13:40 - 14:15
DLC coatings for solid lubrication
Henrik Horup Reitz, Senior Consultant, Danish Technological Institute
PVD coatings from the self-lubricating DLC-family are becoming increasingly used for dry lubricating purposes, as well as a supplement for traditional liquid lubrication with oil and grease. Even water may often become a satisfying lubricant, if the “bearing” surfaces are manufactured with the right choice of material and combined with a suitable kind of DLC coating. A good example is the food and pharmaceutical industry, where some bearings and other moving parts are often “lubricated” by the product, followed by very intense cleaning procedures that remove the lubricating substances. In these cases, a DLC coating of one or both mating surfaces may often be a solution to avoid severe damage of the parts.Henrik Horup Reitz, MSc in mechanical enginering. Henrik has 30 years' experience in tribological topics such as wear and lubrication. Since 1991 he has been employed at the Tribology Centre at DTI, working in the field of applying PVD coatings as solutions for a wide area of tribological problems.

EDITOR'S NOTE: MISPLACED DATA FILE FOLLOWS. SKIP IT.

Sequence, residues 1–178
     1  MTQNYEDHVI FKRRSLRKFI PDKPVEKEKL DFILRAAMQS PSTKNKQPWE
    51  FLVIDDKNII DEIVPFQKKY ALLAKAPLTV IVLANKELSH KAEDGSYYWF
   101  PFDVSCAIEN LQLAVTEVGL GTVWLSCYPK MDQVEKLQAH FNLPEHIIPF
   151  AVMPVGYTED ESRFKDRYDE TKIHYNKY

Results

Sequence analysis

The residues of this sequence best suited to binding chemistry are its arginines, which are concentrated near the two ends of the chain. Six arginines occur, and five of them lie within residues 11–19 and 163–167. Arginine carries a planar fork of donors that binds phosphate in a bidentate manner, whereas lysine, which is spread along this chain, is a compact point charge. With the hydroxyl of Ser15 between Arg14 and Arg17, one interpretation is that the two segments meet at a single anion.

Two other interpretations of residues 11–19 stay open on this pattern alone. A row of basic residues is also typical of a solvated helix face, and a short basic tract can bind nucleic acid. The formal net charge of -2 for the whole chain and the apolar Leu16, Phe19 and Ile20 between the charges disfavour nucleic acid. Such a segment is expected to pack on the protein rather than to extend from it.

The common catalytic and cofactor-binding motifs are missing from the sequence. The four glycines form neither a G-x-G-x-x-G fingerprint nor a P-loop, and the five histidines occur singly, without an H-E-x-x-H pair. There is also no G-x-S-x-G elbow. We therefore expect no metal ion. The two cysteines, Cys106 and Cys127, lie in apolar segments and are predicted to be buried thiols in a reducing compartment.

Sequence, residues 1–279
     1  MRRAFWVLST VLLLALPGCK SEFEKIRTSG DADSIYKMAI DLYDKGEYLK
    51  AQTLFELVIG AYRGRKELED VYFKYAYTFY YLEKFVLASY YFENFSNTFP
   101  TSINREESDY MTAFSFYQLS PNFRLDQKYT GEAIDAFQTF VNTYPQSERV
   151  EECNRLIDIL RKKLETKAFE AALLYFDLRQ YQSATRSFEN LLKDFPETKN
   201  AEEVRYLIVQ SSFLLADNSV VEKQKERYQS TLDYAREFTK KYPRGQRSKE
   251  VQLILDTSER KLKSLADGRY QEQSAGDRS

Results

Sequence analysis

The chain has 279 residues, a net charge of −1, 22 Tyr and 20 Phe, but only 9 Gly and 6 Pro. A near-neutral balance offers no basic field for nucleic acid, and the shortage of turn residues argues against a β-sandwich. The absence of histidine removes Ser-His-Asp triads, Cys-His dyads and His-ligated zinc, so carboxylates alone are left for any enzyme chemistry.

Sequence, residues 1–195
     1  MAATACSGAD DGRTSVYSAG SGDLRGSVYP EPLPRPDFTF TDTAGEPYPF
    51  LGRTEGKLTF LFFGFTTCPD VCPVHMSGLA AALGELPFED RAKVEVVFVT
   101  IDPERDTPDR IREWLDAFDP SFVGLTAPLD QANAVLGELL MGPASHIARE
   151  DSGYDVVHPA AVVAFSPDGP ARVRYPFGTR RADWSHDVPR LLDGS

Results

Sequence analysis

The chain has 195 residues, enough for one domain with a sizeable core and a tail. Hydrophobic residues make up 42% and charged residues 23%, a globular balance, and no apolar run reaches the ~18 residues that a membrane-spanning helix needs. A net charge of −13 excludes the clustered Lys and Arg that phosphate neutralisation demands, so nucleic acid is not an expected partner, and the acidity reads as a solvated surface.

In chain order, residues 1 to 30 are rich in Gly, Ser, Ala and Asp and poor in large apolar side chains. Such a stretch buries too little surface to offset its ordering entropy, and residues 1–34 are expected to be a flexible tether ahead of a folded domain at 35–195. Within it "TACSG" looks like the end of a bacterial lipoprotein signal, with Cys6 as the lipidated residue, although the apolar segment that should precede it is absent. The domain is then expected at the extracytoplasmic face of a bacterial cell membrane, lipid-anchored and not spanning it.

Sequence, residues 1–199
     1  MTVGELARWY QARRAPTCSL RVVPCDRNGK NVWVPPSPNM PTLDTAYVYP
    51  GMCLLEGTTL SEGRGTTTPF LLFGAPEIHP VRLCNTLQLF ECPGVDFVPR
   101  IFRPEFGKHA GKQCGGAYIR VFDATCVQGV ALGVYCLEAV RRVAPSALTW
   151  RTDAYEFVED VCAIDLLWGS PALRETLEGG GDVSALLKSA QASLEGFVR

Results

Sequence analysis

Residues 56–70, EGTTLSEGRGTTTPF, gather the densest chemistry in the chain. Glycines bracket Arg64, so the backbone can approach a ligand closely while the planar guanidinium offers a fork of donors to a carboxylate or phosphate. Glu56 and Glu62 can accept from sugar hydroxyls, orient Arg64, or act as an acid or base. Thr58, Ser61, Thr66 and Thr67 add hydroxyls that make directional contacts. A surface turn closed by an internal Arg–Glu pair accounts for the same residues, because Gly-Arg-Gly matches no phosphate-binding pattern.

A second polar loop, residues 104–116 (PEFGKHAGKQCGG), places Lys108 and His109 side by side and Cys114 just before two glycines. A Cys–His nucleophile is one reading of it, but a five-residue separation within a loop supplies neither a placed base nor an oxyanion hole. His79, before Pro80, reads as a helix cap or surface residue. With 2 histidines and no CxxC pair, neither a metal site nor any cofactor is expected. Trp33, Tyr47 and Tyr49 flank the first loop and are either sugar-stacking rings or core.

|14:15 - 14:35||Break|
14:35 - 15:10
What can testing of lubricants tell you about their status?
Ann Fenech-Andersen, Lead Specialist, Materials & Processes, Danfoss A/S
Condition monitoring of lubricants is essential in order for production to run smoothly. However, it relies on correct interpretation of the results and proactive action. In this presentation the common tests used for testing of lubricants will be presented, with a focus on water-based metalworking fluids. This will be supported with real-life troubleshooting cases to show how test results can help decision-making to stop potentially expensive or even dangerous changes from being made.Ann Fenech-Andersen is a lead specialist at the Danfoss Technology Centre with a focus on lubricants, component cleanliness and surface treatments. Ann has a B.Sc (Hons) in Chemistry and Biology from the University of Malta and a PhD in materials science from University College London and is a member of the Society of Tribologists and Lubrication Engineers (STLE)